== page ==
From Anthony Trollope’s Last Chronicle of Barset
“Then there was a younger daughter, Jane, still at home, who passed her life between her mother’s work-table and her father’s Greek, mending linen and learning to scan iambics,—for Mr. Crawley in his early days had been a ripe scholar.”
“But beneath the hands of Mr. Crawley it always stood open; and with the exception of the small space at which he wrote, was covered with dog’s-eared books, from nearly all of which the covers had disappeared. There were there two odd volumes of Euripides, a Greek Testament, an Odyssey, a duodecimo Pindar, and a miniature Anacreon. There was half a Horace,—the two first books of the Odes at the beginning, and the De Arte Poetica at the end having disappeared. There was a little bit of a volume of Cicero, and there were Cæsar’s Commentaries, in two volumes, so stoutly bound that they had defied the combined ill-usage of time and the Crawley family. All these were piled upon the secretary, with many others,—odd volumes of sermons and the like; but the Greek and Latin lay at the top, and showed signs of most frequent use.”
“And he had Greek at his fingers’ ends,—as his daughter knew very well. And even to this day he would sometimes recite to them English poetry, lines after lines, stanzas upon stanzas, in a sweet low melancholy voice, on long winter evenings when occasionally the burden of his troubles would be lighter to him than was usual. Books in Latin and in French he read with as much ease as in English, and took delight in such as came to him, when he would condescend to accept such loans from the deanery. And there was at times a lightness of heart about the man. In the course of the last winter he had translated into Greek irregular verse the very noble ballad of Lord Bateman, maintaining the rhythm and the rhyme, and had repeated it with uncouth glee till his daughter knew it all by heart. And when there had come to him a five-pound note from some admiring magazine editor as the price of the same,—still through the dean’s hands,—he had brightened up his heart and had thought for an hour or two that even yet the world would smile upon him. His wife knew well that he was not mad; but yet she knew that there were dark moments with him, in which his mind was so much astray that he could not justly be called to account as to what he might remember and what he might forget. How would it be possible to explain all this to a judge and jury, so that they might neither say that he was dishonest, nor yet that he was mad?”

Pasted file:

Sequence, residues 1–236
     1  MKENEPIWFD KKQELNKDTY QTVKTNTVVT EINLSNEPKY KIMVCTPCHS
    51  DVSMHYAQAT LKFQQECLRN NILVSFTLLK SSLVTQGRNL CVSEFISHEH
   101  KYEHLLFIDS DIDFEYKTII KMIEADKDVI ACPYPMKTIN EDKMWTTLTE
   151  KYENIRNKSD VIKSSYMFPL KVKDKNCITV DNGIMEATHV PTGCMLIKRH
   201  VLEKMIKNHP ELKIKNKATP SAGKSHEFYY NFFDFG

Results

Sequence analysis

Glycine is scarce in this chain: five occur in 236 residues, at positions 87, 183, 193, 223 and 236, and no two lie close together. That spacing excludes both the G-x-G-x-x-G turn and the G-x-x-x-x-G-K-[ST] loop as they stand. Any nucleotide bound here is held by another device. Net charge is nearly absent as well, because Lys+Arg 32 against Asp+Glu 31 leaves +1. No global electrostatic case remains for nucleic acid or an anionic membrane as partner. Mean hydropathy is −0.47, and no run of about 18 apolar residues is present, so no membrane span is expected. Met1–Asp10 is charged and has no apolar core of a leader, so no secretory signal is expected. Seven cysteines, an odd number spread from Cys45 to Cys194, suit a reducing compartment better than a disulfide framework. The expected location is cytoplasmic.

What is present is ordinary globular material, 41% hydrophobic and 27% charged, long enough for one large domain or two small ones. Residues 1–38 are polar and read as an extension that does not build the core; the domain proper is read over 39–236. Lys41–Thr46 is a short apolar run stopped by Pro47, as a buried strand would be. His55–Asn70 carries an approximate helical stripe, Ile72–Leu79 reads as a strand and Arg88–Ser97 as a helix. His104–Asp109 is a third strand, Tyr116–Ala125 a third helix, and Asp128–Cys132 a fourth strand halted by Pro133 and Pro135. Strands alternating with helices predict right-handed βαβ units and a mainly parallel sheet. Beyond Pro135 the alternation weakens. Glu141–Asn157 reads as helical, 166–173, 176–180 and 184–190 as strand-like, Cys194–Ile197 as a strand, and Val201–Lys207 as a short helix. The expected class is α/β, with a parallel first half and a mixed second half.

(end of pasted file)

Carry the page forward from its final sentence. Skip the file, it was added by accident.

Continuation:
“Early on the following morning she contrived to let him know that she was about to send a neighbour’s son over with a note to Mr. Walker, fearing to urge him further to change his mind; but hoping that he might express his purpose of doing so when he heard that the letter was to be sent; but he took no notice whatever of her words. At this moment he was reading Greek with his daughter, or rather rebuking her because she could not be induced to read Greek.”
One thought on “Mr. Crawley’s Greek”
I love how humane that first passage is, because the Classics are a never-failing source of pleasure. I think my own favourite is probably Athenaeus. I was given Macrobius’ Saturnalia for my birthday, and Philostratus’ Life of Apollonius.
The Loeb series are a joy – Latin does not end in 476 AD, any more than Greek does.